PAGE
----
Preparation

At 7:30 this morning, the supermarket was packed. I felt bad for an elderly man who had a huge stack of frozen dinners – “They were on sale,” he told the cashier.

“What if your power goes out?” I said.

“Ah, I’ll be fine.”

Then I went to the Home Depot, which was a lot less crowded, but still pretty crowded for early Sunday morning. There, I had the happy task of buying a 5-gallon bucket with lid, as I was instructed by a friend who’d been through extended power outages. For what? Don’t ask.

Last night, I bought a few bags of ice at the local convenience store. “If this runs out tomorrow, are you getting more Monday?” I asked.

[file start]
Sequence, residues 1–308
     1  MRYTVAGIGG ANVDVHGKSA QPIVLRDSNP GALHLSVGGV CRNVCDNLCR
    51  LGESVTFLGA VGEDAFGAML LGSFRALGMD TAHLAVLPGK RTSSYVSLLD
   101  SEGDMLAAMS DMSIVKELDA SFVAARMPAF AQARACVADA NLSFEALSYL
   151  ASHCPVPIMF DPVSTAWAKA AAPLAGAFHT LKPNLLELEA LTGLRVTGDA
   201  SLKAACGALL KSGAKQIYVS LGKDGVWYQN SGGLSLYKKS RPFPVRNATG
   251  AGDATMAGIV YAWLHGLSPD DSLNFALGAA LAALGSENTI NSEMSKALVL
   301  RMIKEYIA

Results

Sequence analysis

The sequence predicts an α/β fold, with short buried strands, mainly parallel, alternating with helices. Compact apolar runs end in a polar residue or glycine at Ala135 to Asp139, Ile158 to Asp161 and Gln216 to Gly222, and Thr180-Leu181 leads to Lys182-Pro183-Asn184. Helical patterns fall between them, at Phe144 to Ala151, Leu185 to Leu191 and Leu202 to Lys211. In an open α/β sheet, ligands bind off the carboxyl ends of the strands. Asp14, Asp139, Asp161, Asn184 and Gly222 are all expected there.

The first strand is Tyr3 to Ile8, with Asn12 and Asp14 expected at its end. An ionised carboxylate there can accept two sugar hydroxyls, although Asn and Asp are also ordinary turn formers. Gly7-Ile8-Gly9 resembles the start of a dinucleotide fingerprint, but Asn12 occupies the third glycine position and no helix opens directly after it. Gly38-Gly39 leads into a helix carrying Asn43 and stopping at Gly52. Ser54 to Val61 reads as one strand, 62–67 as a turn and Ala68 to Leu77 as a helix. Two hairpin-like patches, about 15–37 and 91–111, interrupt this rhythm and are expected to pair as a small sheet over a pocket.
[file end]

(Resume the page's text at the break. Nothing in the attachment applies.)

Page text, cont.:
“Oh yeah, we’ll get more. I don’t know why everybody’s buying so much ice.”

“Because of the big storm. We’re going to have power outages,” I told her.

“But only for a day, right?”

“They’re saying to prepare for at least a week,” I said.

Her eyes got big. “But I have a baby on an apnea monitor,” she said.

I didn’t know what to say; she was doing shift work at a convenience store, I knew she couldn’t afford a backup generator.

“The hospitals always have power,” I told her. “If you have a problem, call them.” I didn’t know what else to say. In a visceral way, I really got it: The working-poor folks who went through Katrina were too busy holding their lives together to deal with a hurricane. Who has time to watch the news?

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